Translated into plain English, Weidmann’s worries are clear: He believes that the emergency measures taken by central banks are not just dangerous in themselves. They are also invading into the territory of government policy. He sees the problem of central banks making decisions so that governments do not have to.
Later in the same interview, Weidmann gets even clearer: “Monetary policy isn’t a panacea — it can’t replace urgently needed reforms in individual countries, nor can it solve Europe’s growth problems. That would simply be too much of a tall order, and it would most certainly end in tears.”
Yes, sure, the head of the Bundesbank would say that, wouldn’t he? But does that make it wrong? Hardly.
What Weidmann points out, in very simple language, is an economic truism: Monetary policy can certainly help an economy recover in the short term. But it will never replace sound economic policy in the long term.
That stating such truisms also implies an attack on Weidmann’s nemesis Mario Draghi does not invalidate his claim. Because Weidmann is right.
What Europe needs more than anything else is a return to growth. Industrial production in Italy, Spain and France is still miles behind its pre-crisis levels. Unemployment is also well above anything one would expect to see in ordinary times.
Central bankers like Draghi may take credit for the fact that, despite the circumstances, no cataclysmic crisis has yet set in. Fair enough. But that is not the same as resolving the underlying crises.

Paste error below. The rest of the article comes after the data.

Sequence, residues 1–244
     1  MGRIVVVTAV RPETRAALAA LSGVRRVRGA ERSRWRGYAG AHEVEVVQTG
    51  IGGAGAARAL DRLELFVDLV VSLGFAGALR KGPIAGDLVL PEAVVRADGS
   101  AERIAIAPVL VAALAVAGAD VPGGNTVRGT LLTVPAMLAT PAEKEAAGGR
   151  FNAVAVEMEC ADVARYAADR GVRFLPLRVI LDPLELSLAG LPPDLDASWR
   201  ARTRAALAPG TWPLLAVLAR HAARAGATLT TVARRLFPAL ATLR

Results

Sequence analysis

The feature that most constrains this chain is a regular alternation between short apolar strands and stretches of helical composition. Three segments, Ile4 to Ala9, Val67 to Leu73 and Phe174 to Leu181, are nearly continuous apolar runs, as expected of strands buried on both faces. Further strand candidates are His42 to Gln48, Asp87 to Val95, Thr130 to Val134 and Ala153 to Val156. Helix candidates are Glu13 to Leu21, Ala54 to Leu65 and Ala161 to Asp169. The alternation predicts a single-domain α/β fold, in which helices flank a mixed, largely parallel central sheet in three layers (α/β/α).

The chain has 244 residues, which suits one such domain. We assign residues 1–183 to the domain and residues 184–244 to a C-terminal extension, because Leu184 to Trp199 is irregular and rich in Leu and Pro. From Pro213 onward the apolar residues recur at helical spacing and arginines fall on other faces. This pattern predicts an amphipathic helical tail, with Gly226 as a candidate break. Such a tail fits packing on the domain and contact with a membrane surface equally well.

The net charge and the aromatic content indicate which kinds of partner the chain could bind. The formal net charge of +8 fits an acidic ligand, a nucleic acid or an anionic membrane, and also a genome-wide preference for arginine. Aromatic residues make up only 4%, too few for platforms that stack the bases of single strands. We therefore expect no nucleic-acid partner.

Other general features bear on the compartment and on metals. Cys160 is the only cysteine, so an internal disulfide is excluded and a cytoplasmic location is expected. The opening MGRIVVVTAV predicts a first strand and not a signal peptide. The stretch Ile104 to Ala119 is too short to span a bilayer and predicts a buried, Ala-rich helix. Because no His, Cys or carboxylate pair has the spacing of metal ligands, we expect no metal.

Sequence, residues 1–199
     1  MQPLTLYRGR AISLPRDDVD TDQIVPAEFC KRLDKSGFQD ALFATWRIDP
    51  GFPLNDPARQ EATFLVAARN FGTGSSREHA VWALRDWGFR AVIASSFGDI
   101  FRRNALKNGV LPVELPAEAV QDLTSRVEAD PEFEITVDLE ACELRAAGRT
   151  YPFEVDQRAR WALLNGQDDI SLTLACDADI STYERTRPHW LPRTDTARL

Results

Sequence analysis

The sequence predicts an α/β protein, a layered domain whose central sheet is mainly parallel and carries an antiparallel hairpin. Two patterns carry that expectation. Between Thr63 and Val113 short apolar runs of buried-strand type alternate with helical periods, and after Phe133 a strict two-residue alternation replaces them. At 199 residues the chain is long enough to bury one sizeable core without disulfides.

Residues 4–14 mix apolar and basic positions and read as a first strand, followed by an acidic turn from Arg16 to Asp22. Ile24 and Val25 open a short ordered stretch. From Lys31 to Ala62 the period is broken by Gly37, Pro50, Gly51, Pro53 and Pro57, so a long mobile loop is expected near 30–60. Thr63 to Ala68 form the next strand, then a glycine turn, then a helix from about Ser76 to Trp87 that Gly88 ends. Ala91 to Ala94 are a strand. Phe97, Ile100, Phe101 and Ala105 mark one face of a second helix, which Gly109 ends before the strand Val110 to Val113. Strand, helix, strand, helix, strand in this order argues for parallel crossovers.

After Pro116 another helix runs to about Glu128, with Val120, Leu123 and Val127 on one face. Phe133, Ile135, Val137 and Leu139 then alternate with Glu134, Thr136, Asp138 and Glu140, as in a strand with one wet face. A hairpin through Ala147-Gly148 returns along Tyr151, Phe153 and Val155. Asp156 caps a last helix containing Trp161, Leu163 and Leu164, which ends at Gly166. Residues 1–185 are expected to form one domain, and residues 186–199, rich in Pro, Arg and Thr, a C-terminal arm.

Draghi and his central banking colleagues have effectively administered painkillers without curing the disease. How ironic that it is a central banker like Weidmann who is pointing this out?
The reliance of Europe’s political elites on the ECB is dangerous. So far, the ECB has willingly obliged to do what was in the interest of governments. But in doing so, it has reduced the urgency of structural reforms in many European countries. It has also prevented a necessary restructuring of the financial sector. Finally, it has allowed bubbles to grow on the back of its emergency measures.
Weidmann is correct in pointing out these central bank transgressions. It is indeed good to remind politicians that it is them, not central banks, that have been elected to make economic policy decisions. It was wrong all these years to hide behind the ECB and wait for the crisis to pass.
With every year that this crisis drags on, it becomes more obvious that the ECB cannot solve Europe’s problems. It can only put them on hold.
As Weidmann’s interview makes clear, central banking may be potent in the short term. But it cannot address the underlying causes of Europe’s malaise. It really is no panacea.
Europe’s economic crisis will only be over when the ECB President’s power no longer eclipses that of the continent’s elected leaders.